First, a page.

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Used car sales in Paphos fell by 10 per cent during the previous year, president of the Pancyprian Automobile Trade Association of Paphos (Pasyea) Andreas Shikkis told the Cyprus News Agency (CNA) on Sunday.

Shikkis attributed the decrease in used car sales to the Covid-19 pandemic, saying that several orders that had already been confirmed were subsequently cancelled. Conversely, new car sales were not affected in the same manner.

“The prices of new cars, after the change of prices in England following Brexit, were about the same as used vehicles, so buyers preferred new cars instead,” Shikkis said.

He added that new car orders in 2021 outstripped registrations, while expressing optimism about 2022, citing banks’ looser lending criteria for car purchases as a key reason.

Regarding buyer demographics, Shikkis said that most buyers were young people, including soldiers and students, for whom personal mobility is a necessity.

“The same applies to foreign workers who need a car to go to work,” he said, adding that retirees have also accounted for some of the demand.

Shikkis concluded by saying that cars are akin to a basic necessity in Paphos due to the limited network of public transport available in the district, as well as the heat and high humidity during the summer which make other means of transport less pleasant.


The Cyprus Agricultural Payments Organisation (Koap) is expected to pay out approximately €95 million in 2022, its commissioner Andreas Kyprianou said on Monday during a meeting with the house finance committee.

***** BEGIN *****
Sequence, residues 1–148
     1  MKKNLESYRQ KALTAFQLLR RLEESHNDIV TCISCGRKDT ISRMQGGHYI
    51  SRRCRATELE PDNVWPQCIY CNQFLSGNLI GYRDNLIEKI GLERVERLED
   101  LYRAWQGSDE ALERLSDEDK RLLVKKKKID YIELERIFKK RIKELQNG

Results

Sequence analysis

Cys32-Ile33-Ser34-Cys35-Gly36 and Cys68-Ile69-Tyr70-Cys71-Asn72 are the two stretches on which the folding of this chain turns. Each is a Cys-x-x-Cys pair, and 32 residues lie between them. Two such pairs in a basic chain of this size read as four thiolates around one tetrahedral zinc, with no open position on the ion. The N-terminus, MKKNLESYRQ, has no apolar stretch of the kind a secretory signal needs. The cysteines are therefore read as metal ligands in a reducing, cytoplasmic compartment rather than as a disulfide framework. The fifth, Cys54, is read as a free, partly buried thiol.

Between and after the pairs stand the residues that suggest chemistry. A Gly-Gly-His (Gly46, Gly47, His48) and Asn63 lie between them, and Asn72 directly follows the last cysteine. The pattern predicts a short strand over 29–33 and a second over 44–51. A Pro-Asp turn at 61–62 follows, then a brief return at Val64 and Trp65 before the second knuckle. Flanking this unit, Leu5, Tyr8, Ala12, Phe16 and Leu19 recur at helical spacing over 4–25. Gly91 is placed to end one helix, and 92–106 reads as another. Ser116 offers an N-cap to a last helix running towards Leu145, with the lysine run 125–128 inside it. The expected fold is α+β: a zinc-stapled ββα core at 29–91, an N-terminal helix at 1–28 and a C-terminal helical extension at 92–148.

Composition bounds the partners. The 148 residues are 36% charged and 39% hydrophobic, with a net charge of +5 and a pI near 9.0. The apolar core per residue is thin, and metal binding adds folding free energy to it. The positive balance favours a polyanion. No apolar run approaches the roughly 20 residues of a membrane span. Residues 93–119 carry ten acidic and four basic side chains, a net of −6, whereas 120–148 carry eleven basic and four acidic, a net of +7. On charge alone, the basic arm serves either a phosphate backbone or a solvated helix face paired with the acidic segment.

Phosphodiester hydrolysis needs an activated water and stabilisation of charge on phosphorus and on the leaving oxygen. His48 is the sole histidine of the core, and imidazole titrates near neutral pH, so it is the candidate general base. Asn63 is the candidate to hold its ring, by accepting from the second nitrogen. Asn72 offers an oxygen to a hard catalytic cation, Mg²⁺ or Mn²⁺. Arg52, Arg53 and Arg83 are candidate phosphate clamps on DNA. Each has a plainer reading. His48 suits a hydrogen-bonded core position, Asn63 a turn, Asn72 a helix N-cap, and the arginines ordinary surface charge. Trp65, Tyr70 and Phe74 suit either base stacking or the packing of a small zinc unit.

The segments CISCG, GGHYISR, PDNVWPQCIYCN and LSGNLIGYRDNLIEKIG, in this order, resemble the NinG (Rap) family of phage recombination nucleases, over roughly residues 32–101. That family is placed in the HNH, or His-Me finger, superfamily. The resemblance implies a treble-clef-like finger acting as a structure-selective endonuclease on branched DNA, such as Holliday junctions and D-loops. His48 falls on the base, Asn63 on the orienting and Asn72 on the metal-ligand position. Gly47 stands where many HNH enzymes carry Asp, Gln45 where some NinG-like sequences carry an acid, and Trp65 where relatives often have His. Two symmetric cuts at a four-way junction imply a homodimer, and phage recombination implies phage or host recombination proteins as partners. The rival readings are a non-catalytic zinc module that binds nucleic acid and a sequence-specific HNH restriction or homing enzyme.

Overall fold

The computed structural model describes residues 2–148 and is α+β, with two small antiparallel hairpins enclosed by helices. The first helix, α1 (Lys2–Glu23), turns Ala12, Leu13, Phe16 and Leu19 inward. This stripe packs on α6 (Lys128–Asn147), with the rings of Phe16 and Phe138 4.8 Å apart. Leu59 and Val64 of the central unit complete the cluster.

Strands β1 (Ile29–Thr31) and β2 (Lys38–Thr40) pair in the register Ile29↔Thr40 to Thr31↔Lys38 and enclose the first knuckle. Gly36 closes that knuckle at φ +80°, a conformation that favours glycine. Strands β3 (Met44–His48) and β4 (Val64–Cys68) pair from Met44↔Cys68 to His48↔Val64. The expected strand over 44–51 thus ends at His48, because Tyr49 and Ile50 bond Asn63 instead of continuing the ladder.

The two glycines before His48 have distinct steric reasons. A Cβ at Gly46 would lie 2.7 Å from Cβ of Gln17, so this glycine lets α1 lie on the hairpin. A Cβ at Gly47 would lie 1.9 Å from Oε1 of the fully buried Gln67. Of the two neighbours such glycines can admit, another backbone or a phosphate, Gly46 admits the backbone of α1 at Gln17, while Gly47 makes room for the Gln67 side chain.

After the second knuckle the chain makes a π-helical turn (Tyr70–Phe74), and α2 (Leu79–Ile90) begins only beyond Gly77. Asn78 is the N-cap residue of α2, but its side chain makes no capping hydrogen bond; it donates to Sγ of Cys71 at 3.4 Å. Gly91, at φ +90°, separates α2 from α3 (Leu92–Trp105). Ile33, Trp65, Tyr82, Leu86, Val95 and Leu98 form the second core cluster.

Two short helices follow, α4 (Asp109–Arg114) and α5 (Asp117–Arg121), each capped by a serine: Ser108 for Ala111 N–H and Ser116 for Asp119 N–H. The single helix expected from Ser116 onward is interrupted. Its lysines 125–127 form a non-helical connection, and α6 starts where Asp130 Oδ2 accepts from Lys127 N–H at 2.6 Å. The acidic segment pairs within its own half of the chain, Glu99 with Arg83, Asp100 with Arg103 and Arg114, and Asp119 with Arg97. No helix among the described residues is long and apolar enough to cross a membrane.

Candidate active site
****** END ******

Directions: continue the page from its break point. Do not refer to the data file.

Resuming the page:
“There are many programmes for farmers, livestock breeders and agricultural processing businesses,” Kyprianou said.

“What I also emphasised to the committee is that I call upon young people who are interested in agriculture, stockbreeding and processing to find out more about these programmes because there are truly great opportunities”, he added, saying that there is a lot of growth potential for this sector of the economy, allowing newcomers to generate income for their families, while also providing a counterweight to rural flight.

Regarding the organisation’s programme for the period between 2023 and 2027, Kyprianou said that almost everything will be conducted digitally in an effort to decrease bureaucracy and simplify procedures.

“The agriculture sector is of paramount importance to the economy of Cyprus and I hope that through the certification of agricultural products, as well as through the legislation related to home-made products, there will be a significant improvement in terms of people abandoning rural areas,” Kyprianou said.


The Cyprus Stock Exchange (CSE) ended Monday, January 17 with profits in a day with little activity.

The main Cyprus Stock Market Index was at 68.86 points at 12:50 during the day, reflecting a rise of 0.32 per cent over the previous day of trading.

The FTSE / CySE 20 Index was at 41.30 points, which represents an increase of 0.29 per cent.

The total value of transactions came up to a lowly €2,904.

In terms of the sub-indexes, the main and alternative indexes rose by 0.42 per cent and 0.39 per cent respectively.

The hotel index also increased by 0.62 per cent, while the investment firm index remained stable.

The biggest investment interest was attracted by KEO (no change), the Cyprus Cement Company (+1.96 per cent), Constantinou Bros Hotels (+8.97 per cent), Hellenic Bank (+0.72 per cent) and Louis Plc (+9.72 per cent).

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